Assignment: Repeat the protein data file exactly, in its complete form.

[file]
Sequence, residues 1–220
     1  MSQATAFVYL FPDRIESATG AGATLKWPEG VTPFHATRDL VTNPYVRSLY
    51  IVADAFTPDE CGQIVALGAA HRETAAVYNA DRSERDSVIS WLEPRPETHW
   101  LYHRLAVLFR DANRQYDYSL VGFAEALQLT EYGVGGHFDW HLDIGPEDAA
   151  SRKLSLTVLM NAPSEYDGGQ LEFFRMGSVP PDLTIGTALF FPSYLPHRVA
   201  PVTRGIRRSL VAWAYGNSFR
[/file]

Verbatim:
Sequence, residues 1–220
     1  MSQATAFVYL FPDRIESATG AGATLKWPEG VTPFHATRDL VTNPYVRSLY
    51  IVADAFTPDE CGQIVALGAA HRETAAVYNA DRSERDSVIS WLEPRPETHW
   101  LYHRLAVLFR DANRQYDYSL VGFAEALQLT EYGVGGHFDW HLDIGPEDAA
   151  SRKLSLTVLM NAPSEYDGGQ LEFFRMGSVP PDLTIGTALF FPSYLPHRVA
   201  PVTRGIRRSL VAWAYGNSFR